knowledge bank

Dec 13 2016
Lawrence Lam

Why founder-led companies outperform

Behavioural investing
Companies where the founder still owns a large proportion of the business and is involved in managerial decisions consistently produce 4% to 10% p.a more returns than other companies.

However not all of these companies are worth investing in, but we begin our search within these companies – it gives us confidence that we are fishing in a quality pond.

The founder-ownership phenomenon

Founder-ownership, CEO-ownership, management-ownership, inside-ownership. These are all terms used to describe a similar concept – where the people in charge of a company have a vested interest to see it succeed because they own a significant portion of it. There is no shortage of research highlighting this phenomenon – some of these have been attached below. On average, the research indicates that companies with heart outperform other companies by 4% to 10% per annum.

We like this trait a lot. So much so, that we have termed it ‘heart’. It is an intangible quality that drives a business and provides a source of self-motivation for the long term. In sporting terms, heart is what motivates an athlete to put in that extra effort during off-season, with the resultant hard work giving them significant year-on-year improvement. Athlete’s with heart train with intensity and often play at a level beyond their natural physical talents. Fame or attention does not distract them. They simply love their craft and drive themselves to constant improvement. Importantly, these athletes demonstrate objective improvement over the long term. For the NBA supporters, the player that most embodies the principle of heart in the current era is Kawhi Leonard. Kawhi has sustained statistical improvement since becoming a professional 6 years ago and is renowned for his quiet excellence. A business with demonstrated sustained improvement over the long term is a great investment.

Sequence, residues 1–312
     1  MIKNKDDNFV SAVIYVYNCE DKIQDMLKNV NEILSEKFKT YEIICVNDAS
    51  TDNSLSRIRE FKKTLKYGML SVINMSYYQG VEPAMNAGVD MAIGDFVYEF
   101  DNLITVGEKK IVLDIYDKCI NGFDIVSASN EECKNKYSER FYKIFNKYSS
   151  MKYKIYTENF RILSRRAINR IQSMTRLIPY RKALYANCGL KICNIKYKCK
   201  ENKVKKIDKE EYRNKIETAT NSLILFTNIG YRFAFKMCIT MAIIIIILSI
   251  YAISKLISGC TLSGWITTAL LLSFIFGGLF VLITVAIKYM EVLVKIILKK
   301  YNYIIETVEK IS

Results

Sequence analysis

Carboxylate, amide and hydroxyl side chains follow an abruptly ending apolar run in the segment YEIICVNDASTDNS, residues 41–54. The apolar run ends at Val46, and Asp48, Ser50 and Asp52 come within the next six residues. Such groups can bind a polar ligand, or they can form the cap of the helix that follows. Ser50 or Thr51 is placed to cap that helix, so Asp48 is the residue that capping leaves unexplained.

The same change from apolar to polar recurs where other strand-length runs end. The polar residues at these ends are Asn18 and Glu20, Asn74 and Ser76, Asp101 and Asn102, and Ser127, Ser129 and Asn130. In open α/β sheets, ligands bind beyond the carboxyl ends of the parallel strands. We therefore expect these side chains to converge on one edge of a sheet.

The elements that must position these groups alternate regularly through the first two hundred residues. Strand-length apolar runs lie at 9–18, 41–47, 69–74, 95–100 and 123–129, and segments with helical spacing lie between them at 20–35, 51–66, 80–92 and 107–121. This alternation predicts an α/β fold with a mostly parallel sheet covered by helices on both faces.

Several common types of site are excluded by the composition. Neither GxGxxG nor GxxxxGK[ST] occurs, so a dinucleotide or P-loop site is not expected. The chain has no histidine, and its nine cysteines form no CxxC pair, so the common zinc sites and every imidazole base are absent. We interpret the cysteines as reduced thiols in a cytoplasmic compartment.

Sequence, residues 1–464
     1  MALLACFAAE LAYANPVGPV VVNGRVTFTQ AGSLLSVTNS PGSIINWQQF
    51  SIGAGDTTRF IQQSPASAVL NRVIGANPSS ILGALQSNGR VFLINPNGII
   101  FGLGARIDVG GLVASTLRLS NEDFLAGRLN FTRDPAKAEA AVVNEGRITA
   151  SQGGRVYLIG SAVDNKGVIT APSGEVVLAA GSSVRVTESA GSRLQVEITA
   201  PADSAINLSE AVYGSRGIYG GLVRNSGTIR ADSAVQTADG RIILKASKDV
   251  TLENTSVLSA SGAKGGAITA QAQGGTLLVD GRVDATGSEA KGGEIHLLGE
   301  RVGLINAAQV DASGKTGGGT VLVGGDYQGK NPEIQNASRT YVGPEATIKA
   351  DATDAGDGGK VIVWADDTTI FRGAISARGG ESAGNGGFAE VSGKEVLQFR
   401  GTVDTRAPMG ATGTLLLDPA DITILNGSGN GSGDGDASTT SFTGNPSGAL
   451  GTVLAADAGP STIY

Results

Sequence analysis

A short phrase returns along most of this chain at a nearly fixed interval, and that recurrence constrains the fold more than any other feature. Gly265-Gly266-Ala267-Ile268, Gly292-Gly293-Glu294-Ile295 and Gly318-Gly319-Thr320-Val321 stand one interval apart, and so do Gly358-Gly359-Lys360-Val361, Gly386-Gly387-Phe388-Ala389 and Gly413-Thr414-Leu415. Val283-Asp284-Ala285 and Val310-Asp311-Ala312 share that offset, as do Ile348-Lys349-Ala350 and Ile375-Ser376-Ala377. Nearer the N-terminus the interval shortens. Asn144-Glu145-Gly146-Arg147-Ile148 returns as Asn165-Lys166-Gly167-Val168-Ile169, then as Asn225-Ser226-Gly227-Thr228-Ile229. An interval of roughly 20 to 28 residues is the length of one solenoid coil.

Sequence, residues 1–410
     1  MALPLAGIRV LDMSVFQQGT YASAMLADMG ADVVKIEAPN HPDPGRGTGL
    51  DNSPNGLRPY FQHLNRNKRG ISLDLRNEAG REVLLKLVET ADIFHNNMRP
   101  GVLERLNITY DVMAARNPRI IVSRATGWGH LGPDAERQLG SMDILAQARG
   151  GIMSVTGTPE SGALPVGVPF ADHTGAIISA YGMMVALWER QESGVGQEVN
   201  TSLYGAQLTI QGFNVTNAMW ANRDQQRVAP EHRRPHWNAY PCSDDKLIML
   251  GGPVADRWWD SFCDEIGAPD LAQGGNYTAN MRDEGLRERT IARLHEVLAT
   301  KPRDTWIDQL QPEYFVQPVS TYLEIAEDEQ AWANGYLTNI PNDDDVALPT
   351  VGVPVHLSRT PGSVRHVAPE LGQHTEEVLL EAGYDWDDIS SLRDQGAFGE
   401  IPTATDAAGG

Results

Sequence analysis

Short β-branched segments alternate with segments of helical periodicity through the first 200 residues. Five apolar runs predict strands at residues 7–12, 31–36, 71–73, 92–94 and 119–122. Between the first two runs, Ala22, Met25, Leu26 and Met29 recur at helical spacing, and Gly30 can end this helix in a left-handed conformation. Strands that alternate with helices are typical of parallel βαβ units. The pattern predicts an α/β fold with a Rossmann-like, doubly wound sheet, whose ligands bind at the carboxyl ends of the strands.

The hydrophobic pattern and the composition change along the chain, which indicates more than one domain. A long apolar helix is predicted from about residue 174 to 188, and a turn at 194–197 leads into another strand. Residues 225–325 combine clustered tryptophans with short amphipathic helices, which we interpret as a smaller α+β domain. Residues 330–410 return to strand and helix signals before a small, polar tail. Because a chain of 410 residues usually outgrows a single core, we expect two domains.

Short term management incentive structures aim to replicate this sense of ownership in management, but often fall short. Instead, they only reinforce a short term focus and incentivise management to keep one eye on their stock option vesting dates – they do not promote long term sustainable business growth.

So why don’t we just find all of these companies and invest in them?

Given that the market knows about the founder-ownership phenomenon, why then does it continue to persist? The answer is that not all companies with heart succeed. In our view, it takes more than heart, which is why we start, not finish, our search here. It would be a risky strategy to simply invest in all companies with high insider-ownership.

It is not hard to search for companies with high founder-ownership. The practical challenge is to seek out those businesses that have heart and a competitive edge. We focus our efforts on seeking out these companies with a demonstrated objective track record of performing. Then we buy them at the right price.


Stanford Graduate School of Business research on the behavioural changes arising from inside-ownership:

Journal of Finance article analysing 22 years of data in the US markets. This research indicates outperformance of 4% to 10% per annum.